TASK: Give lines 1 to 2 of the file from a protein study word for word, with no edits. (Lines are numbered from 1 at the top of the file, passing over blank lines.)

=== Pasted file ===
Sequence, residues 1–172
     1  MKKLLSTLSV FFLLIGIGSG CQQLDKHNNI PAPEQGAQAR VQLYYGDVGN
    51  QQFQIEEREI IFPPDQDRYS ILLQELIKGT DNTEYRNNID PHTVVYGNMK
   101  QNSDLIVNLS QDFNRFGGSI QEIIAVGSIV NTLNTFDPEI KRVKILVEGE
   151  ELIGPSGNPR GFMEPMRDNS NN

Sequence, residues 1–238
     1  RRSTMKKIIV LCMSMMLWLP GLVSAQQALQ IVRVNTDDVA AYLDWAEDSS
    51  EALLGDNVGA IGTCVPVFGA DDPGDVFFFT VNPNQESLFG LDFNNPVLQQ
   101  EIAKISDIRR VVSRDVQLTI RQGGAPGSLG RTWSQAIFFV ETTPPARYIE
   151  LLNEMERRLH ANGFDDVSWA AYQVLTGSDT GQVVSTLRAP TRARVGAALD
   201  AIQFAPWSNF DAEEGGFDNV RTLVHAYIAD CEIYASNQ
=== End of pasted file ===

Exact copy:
Sequence, residues 1–172
     1  MKKLLSTLSV FFLLIGIGSG CQQLDKHNNI PAPEQGAQAR VQLYYGDVGN